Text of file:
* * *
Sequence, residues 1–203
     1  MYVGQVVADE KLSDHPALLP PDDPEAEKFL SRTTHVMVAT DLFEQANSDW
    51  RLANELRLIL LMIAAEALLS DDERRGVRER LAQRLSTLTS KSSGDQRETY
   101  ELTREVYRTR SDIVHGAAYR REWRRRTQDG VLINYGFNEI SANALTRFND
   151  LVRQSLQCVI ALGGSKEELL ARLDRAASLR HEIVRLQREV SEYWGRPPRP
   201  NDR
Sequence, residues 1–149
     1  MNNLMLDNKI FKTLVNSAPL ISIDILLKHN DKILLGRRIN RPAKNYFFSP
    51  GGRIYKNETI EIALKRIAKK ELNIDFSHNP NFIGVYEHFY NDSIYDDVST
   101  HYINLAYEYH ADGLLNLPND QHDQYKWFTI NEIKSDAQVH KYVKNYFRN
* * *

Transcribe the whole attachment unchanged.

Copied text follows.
Sequence, residues 1–203
     1  MYVGQVVADE KLSDHPALLP PDDPEAEKFL SRTTHVMVAT DLFEQANSDW
    51  RLANELRLIL LMIAAEALLS DDERRGVRER LAQRLSTLTS KSSGDQRETY
   101  ELTREVYRTR SDIVHGAAYR REWRRRTQDG VLINYGFNEI SANALTRFND
   151  LVRQSLQCVI ALGGSKEELL ARLDRAASLR HEIVRLQREV SEYWGRPPRP
   201  NDR
Sequence, residues 1–149
     1  MNNLMLDNKI FKTLVNSAPL ISIDILLKHN DKILLGRRIN RPAKNYFFSP
    51  GGRIYKNETI EIALKRIAKK ELNIDFSHNP NFIGVYEHFY NDSIYDDVST
   101  HYINLAYEYH ADGLLNLPND QHDQYKWFTI NEIKSDAQVH KYVKNYFRN